Tuesday, 6 August 2019

Couplet of the couplers!

The third edition of “Coplita de los coplares - El Cantar de los Cantares en coplas campesinas” (Couplet of the couplers - The Song of the Singing in peasant couplets) has just come out, a work by our brother Alfredo Mires whose verses they are singing in the communities.

The first edition appeared in 1991 and has not stopped being read.

Soon we will be inviting its launch!

Come dear friends
come and sing with me
eat and drink without counting
Sing and dance with me.

Rescue in Paranshique

We also rescued our knowledge in Paranshique, Huamachuco.

There, with the pleasant support of the director of the educational center, the teaching team and in coordination with the Amigo Project, we shared with the children this remembrance that vitalizes us.

There is far still to go, but we are on the road.

Rescue in Quinuacruz

You should see the pleasure with which the children of the Quinuacruz school - province of Cajabamba - tell the stories of their parents and grandparents!

There we walked, rescuing the knowledge and in the desire to make a book that is like our mirror, in which we can read, get together, take root, keep walking.

lto Dorado reading

From the rural library "Hito fronterizo" (Border milestone)- precisely on the border of Peru with Ecuador - we also receive news of the reading spirit.

Professor José Onécimo Guerrero Aranda, librarian of Alto Dorado shares this spirit that continues to grow.

Our congratulations and hugs to you!


Argentine-Peruvian nationality, Isabel María Álvarez –educator, researcher and intercultural activist–, has sent us from Patagonia, where she lives and works, this comment born from the reading of “To keep walking”.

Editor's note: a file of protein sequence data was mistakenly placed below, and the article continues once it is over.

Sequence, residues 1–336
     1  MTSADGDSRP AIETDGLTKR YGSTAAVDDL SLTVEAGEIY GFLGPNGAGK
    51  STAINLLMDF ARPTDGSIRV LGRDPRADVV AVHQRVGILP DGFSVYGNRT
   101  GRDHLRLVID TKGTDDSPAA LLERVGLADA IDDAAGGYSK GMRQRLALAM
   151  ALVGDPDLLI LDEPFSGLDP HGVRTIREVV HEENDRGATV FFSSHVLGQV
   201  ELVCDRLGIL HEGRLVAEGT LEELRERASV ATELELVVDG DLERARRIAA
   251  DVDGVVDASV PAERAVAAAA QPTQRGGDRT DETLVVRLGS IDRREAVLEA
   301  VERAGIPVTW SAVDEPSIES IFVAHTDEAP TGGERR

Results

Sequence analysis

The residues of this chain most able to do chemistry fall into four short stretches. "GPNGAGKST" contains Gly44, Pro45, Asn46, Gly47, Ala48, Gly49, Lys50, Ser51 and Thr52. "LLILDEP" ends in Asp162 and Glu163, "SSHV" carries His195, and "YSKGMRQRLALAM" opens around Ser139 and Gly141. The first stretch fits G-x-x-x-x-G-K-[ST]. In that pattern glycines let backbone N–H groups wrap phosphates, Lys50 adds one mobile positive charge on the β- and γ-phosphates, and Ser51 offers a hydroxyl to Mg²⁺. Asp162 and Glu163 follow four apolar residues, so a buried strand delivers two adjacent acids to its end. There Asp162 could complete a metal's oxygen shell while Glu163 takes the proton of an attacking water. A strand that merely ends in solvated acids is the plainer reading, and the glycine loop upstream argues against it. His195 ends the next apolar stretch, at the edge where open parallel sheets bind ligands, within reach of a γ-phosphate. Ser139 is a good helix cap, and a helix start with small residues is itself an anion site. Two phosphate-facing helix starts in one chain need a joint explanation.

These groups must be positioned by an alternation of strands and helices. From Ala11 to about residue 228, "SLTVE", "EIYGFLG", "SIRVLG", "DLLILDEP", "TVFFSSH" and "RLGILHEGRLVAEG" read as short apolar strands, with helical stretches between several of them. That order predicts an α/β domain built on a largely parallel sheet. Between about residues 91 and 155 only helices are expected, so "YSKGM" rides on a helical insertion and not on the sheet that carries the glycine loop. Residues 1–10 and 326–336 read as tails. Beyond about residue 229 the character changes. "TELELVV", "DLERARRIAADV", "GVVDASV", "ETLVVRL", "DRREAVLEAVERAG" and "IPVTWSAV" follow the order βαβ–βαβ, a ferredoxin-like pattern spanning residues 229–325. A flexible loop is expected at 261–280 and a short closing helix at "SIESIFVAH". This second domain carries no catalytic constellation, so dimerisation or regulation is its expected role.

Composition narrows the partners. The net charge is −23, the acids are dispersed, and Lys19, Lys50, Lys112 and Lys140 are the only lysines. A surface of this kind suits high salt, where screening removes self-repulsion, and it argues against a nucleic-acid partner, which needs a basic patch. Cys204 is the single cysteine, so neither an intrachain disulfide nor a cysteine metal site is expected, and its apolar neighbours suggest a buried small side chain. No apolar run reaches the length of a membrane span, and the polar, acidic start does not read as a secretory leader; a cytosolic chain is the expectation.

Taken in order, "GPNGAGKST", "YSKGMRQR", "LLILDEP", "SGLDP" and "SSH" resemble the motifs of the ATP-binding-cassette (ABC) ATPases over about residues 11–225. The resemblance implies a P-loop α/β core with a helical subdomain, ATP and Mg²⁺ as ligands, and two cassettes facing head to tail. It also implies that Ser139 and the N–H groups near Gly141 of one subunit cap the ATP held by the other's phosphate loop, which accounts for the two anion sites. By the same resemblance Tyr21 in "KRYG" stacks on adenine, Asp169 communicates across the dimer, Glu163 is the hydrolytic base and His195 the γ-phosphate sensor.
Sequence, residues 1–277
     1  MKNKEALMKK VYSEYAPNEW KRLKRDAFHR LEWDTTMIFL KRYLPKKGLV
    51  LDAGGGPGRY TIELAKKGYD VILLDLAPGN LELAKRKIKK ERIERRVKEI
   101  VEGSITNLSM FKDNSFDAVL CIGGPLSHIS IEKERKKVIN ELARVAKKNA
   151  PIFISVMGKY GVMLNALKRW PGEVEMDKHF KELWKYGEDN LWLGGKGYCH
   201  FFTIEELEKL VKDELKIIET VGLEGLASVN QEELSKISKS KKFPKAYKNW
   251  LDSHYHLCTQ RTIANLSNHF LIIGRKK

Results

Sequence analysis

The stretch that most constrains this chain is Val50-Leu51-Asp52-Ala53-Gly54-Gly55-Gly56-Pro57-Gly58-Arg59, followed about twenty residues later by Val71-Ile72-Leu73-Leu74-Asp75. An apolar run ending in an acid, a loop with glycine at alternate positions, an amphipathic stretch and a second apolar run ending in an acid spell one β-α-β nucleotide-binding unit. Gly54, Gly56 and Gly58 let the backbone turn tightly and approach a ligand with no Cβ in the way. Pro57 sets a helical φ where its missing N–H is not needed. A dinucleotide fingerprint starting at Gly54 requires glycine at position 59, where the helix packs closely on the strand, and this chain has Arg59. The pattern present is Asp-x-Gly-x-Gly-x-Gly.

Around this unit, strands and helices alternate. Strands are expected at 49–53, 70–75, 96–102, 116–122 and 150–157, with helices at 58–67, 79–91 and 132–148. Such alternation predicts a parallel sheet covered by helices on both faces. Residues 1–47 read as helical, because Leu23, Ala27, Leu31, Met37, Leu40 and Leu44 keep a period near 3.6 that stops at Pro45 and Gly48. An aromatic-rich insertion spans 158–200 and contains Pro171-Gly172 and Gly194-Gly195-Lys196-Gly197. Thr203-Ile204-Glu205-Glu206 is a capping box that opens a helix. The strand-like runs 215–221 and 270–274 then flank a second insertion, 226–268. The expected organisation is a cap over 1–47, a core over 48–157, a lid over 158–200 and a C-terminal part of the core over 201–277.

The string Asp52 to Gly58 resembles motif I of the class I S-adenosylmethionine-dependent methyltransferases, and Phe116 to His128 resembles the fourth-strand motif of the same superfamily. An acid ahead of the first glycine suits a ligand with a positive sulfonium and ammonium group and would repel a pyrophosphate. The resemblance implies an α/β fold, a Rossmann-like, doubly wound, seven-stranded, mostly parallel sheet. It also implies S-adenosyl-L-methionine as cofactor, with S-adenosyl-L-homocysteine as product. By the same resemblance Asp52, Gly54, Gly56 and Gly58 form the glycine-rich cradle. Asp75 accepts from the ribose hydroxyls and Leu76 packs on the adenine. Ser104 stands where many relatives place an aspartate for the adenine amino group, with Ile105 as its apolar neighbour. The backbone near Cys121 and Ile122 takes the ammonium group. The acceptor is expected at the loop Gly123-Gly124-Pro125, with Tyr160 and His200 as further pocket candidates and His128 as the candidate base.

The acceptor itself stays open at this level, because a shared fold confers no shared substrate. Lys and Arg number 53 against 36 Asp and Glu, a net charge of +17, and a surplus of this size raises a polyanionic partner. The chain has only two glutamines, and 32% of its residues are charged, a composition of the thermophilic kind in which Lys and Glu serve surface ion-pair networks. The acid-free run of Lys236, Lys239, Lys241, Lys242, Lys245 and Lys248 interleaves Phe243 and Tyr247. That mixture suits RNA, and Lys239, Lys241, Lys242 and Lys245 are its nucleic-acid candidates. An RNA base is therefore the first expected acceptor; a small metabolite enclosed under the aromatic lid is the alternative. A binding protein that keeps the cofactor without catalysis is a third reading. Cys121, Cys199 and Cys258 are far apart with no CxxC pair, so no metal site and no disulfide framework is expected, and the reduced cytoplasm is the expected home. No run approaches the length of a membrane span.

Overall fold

Thanks Isabel. Here we share these fruitful reflections:

It doesn’t matter how long the task takes when the purpose is so significant: to empower the people to recount themselves.
With the wise humility that characterizes his "being" in Earth, Alfredo Mires Ortiz shares his itinerary to the East - that direction from where the light comes - to advance in the decolonizing paradigm that we owe ourselves in the Andes and throughout the Abya Yala.

“To keep on walking” is a road map in which the empirical work –of eloquent and effective co-participation– flows with a mark of denunciation in a humanistic textuality that guides us and summons us to think our episteme from our own worldview, but with intercultural vocation.

A clear message of persistence (and not of resistance) that embodies in action the precise and precious postulate of Paulo Freire: “We all know something. We all ignore something. That's why we always learn. No one educates anybody, no one educates himself, men educate each other, mediated by the world. ”

An essential resource for reflection and analysis in the initial formation and in service of the teaching community of the Andean countries.

Reading is a flame

Marleny Olivera, coordinator of our libraries in the San Ignacio area, wrote to us recently telling of the enthusiasm generated by the rural library in the community of Potrero Grande: “The attention given to the books has opened space to get closer and learn better!”

What a pleasant example!

Here are the photos that she sent us from Professor Diómedes Camacho, librarian:


The Andean Prehistory Studies Group - entity of our Network - begins a new stage.

At the beginning of the new century, GEPA assumed the task of studying and reflecting in depth about the roots of our culture and consolidating various investigations around rock art.

This time it goes for more, including diverse avenues for the understanding of the community path that as a people we have inherited.

The call is open.